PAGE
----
There is a sense of euphoria among badminton fans and officials
after PV Sindhu over the weekend became the first Indian to be crowned champion at the BWF World Championships and B Sai Praneeth ended the country’s 36-year wait for a men’s singles medal.

Given how short the memories of the Indian sports fans and administrators can be, the two medals at the tournament in Basel could allow them to forget about the dip in the Indian contingent’s performance in 2018 and the absence of a talented second-string.

When a question about the absence of potential candidates to fill the shoes of Saina Nehwal and PV Sindhu was put to top Badminton Association of India officials in a recent discussion with, the response was baffling. One of them insisted that there was no dearth of talent and when these two eventually retire, another player will automatically rise to replace them.

Perhaps this kind of succession is possible in political and management circles. But with sports, it’s never that simple. Producing a champion is a long-drawn process that begins with identifying a talented athlete and then charting a road map to success.

Indian badminton has been fortunate to have Nehwal and Sindhu playing together at the same time, as well as a group of men’s shuttlers making their mark on the international stage. They include Sai Praneeth, Kidambi Srikanth and Sameer Verma. But the bench seems bare, with only Lakshya Sen looking capable of carrying on their legacy.

Ever since Assam’s Finance Minister Himanta Biswa Sarma took over as the BAI president last April, he has spoken enthusiastically about starting zonal academies to function as feeder centres for the national elite squad. But there has been little movement to get any of these centres off the ground. Since as the zonal centres require a tri-partite arrangement between the BAI, the state government and the Central government, association officials insist that most of the proposals are being held up at the state government level.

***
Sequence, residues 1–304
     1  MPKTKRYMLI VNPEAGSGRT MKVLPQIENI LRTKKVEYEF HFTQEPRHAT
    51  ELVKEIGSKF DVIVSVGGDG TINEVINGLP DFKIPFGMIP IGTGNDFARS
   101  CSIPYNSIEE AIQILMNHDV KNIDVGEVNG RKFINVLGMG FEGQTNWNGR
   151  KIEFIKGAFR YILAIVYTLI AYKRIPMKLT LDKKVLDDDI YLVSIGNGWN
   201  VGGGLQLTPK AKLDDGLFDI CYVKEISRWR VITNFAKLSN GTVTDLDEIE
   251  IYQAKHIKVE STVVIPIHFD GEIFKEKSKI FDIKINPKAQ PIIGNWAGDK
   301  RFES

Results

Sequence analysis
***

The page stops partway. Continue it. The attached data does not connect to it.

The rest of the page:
It is difficult to understand is why the BAI wants to spend money building new centres when all it would have to do is identify good private academies with quality infrastructure and give them the status of zonal centres with a team of foreign coaches and allied services. After all, the national camp is held not at a BAI- or government-run establishment but at the privately run Gopichand Academy in Hyderabad.

Compounding the problem of the empty bench is the lack of international exposure of the second-rung of Indian badminton players. These players have frequently urged the authorities to give them more support but there has been little response from the BAI.

Even the Sports Ministry in the recent meeting with the federation asked the BAI to frame a plan to reduce expenditure on senior players who are supported by the government’s TOP (Target Olympic Podium) Scheme and spend that money on the juniors instead.

Chief national coach Pullela Gopichand has already expressed his displeasure about the slow pace at which things are moving. In a recent interview to, he said that his “role is purely ornamental”. The former All England champion noted that there is no system to nurture talent, while the lack of quality coaches is a problem that neither BAI not Sports Authority of India has been managed to solve.

While India rightly celebrate the success of Sindhu and Sai Praneeth, the BAI needs to understand that legacies are not created by solitary successes but by building a system that keeps producing champions.